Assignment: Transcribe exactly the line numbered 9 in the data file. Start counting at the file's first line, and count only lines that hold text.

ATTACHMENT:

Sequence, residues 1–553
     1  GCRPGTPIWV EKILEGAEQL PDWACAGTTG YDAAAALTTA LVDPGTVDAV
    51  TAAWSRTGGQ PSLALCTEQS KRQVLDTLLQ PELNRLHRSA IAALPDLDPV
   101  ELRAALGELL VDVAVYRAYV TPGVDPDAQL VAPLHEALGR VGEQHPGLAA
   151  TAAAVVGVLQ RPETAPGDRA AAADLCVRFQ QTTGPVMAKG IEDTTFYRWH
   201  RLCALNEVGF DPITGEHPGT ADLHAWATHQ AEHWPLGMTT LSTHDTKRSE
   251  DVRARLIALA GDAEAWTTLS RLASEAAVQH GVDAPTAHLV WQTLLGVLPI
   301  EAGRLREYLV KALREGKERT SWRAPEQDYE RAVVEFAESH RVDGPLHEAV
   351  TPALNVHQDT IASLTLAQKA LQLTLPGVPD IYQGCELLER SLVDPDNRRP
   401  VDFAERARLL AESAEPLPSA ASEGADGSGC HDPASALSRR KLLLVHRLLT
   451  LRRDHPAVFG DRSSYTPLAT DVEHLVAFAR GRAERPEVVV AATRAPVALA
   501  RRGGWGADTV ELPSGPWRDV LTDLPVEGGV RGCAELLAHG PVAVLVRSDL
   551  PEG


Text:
   351  TPALNVHQDT IASLTLAQKA LQLTLPGVPD IYQGCELLER SLVDPDNRRP